Message from Our Pastor
Excerpted from Pastor Hoffman's April 22th homily. Relevant reading: Psalm 23 & John 10:11-18
I am the good shepherd. This is one of seven “I am” statements that Jesus makes in the gospel of John. Jesus the good shepherd — good, not as in moral or right, but good as in model and exemplary.
[Points to a collection of 20-25 sheep at the altar] I’m not sure exactly when or where I bought my first sheep, but, clearly, it is now a passion.Over the years my flock’s growth rate has been more like that of rabbits than of sheep.And yes, there are still more at home.
Oddly enough, these carefree wooly beasts have helped me appreciate what it means and takes to be a truly good shepherd. Obviously, these guys don’t require much care, but their presence in my life has sparked a curious interest in shepherding. This has led to several books — not the scientific, “how to” books, but autobiographies and novels by people with experience raising their own flocks.
One book was written by David Kennard, a shepherd in Devon, England, who began herding sheep at the age of 17. When the book was published, he and his family were tending to a flock of 850 sheep.
From these shepherds I have learned — SHEPHERDING IS HARD WORK.
We know that sheep are not the brightest animals on the planet. David notes: “I can’t say all sheep are stupid, I haven’t met them all, but the ones that I have encountered tend to be on the lower side of dim.”
Well, we tend to think: no or little brain, wooly, gentle, cute — just like my friends here — and just like them, easy to care for…NOT!!
Sheep do have an amazing ability to remember routes to familiar grazing pastures. This is good. But sheep are also stubborn. So while sheep appear to know exactly where they should be going, they will often do everything possible to resist. This is not good.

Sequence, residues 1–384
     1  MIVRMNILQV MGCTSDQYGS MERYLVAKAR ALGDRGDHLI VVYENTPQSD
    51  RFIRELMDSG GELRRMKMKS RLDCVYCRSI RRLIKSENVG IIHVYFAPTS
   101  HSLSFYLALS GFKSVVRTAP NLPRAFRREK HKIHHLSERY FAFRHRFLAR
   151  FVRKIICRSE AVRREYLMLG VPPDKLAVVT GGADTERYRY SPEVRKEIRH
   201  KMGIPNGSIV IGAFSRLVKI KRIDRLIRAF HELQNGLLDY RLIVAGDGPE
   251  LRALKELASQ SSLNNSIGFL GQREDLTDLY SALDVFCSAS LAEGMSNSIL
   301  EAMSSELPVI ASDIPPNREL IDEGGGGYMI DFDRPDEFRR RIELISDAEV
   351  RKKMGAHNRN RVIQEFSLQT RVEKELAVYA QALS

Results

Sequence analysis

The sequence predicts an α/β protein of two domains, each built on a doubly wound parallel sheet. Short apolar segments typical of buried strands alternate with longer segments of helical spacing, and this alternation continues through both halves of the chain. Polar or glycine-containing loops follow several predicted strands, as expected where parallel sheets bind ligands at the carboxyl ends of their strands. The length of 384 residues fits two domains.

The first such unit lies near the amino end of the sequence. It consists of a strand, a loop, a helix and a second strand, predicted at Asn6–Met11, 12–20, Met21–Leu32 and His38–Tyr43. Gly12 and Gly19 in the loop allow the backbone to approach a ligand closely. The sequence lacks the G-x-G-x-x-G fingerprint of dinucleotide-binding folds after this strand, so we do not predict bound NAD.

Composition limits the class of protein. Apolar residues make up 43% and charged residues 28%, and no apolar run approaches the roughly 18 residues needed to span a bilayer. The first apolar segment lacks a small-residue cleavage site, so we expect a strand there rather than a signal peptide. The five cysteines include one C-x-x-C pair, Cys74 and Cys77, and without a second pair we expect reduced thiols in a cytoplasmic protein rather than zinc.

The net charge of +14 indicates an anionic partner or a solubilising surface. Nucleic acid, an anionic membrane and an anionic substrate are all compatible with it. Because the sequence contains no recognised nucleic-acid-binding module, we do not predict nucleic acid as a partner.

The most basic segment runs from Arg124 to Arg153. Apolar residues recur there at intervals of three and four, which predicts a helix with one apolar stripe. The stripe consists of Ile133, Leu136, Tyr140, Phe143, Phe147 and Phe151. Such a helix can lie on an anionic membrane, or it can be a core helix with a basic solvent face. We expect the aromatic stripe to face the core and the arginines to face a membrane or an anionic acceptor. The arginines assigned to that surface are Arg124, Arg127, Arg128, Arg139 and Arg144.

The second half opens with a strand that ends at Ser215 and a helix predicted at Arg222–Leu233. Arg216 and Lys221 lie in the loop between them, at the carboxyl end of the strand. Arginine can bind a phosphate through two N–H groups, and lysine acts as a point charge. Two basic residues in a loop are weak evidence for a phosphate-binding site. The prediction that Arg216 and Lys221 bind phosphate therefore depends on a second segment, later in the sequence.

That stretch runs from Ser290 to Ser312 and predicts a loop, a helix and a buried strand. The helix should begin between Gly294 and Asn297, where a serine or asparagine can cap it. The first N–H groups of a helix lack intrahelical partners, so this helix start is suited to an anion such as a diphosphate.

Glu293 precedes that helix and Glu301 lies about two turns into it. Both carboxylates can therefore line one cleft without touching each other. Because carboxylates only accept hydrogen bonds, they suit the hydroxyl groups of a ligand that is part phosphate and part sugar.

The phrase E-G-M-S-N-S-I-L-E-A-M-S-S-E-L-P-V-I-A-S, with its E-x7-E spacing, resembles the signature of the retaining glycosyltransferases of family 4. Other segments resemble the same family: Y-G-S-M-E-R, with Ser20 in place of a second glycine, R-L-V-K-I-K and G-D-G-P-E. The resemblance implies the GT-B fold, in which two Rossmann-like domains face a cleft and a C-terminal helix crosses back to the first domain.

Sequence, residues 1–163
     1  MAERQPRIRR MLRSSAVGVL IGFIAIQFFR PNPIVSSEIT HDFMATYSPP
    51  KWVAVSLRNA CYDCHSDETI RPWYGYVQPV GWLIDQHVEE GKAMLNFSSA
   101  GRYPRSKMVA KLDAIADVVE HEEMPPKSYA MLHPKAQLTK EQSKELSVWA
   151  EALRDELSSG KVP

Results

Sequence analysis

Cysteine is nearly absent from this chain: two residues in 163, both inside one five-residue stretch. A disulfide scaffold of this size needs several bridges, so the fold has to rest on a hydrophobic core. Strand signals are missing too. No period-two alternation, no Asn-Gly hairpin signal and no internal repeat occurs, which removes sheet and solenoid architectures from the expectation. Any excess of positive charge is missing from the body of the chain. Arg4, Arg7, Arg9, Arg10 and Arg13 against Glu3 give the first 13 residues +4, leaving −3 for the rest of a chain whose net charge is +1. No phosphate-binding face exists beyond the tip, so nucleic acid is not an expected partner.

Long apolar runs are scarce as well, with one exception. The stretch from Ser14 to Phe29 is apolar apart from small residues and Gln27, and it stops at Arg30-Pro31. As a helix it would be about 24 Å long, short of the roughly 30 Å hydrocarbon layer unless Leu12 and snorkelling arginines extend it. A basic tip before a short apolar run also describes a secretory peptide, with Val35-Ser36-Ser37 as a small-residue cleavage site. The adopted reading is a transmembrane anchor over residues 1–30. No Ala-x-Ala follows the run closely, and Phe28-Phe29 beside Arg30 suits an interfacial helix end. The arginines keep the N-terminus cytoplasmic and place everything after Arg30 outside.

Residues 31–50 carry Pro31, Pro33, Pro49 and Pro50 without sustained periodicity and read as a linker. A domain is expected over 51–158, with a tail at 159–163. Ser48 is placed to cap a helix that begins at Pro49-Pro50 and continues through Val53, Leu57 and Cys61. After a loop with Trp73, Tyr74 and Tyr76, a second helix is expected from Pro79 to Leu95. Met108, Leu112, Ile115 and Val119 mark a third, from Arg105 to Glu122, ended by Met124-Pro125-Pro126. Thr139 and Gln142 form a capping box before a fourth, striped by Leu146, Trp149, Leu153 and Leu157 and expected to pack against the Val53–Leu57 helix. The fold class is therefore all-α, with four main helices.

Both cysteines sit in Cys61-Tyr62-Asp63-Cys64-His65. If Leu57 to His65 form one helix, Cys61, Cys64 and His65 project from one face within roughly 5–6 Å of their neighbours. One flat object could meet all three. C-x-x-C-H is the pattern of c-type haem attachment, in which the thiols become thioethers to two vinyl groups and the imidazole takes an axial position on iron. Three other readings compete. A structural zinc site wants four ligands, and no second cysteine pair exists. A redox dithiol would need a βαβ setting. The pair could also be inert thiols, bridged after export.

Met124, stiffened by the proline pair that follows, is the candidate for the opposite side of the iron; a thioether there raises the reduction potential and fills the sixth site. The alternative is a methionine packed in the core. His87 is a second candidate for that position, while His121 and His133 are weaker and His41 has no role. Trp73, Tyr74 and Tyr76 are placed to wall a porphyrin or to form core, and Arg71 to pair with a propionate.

The shepherd’s adage is that a sheep’s worst enemy is another sheep. Put a group of sheep together in a confined space and problems easily spread form one to another — foot disease, scabies, mites, bacterial infections. All such diseases require treatment, usually administered one lamb, or ewe, at a time.
Of course, a shepherd must also pay attention to grazing fields, fences, feed, dipping, shearing, predators and lost sheep — constant vigilant care. To say that a shepherd must lay down his life for his sheep is not verbal toying of words, but a reality. Today’s shepherds must be willing to commit their entire selves to the care and health of their sheep. Shepherding sheep in the real world is an all or nothing endeavor.
Well, you might be able to convince me that, on average, we humans are not as dim witted as sheep, but we still require an awful lot of care, guidance, provision, protection and oversight.
We are not quick to befriend those that do not look, smell or sound like us. Put us together in an enclosed space for any length of time and we, too, get under each other’s skin. And, how often have we known which way to go in life, only to stubbornly resist, or to turn and head in the opposite direction?
Like it or not, for all of our smarts and brains, we are no less dependent upon a shepherd to provide and care for us than are sheep. I wouldn’t say that this is bad, but I wouldn’t call it great either. What is great is that we know we have a shepherd—Jesus.
Jesus has, in fact, committed his whole life — even given his life for the care, redemption, health and abundant life of his sheep — for you and me. And when I say his ENTIRE life — I mean not just his life leading up the cross, not just his death on the cross, but even now, in his life beyond the resurrection. Jesus is the best shepherd there is.
He makes certain that our needs are met. We can trust him, to provide opportunities of rest for our tired bodies and refreshment for our weary souls. We know that when we approach our Shepherd seeking we shall find and when we ask we will receive and when we knock the right doors will open. We can breathe easy, confident that Jesus cares enough about us to protect us at all costs from our enemies — even when the enemy is ourselves.
The psalmist is right — our cups do runneth over and our lives are filled with goodness and mercy. Let us go forth with joy, giving thanks for the goodness of our shepherd, Jesus, the Lord. Amen.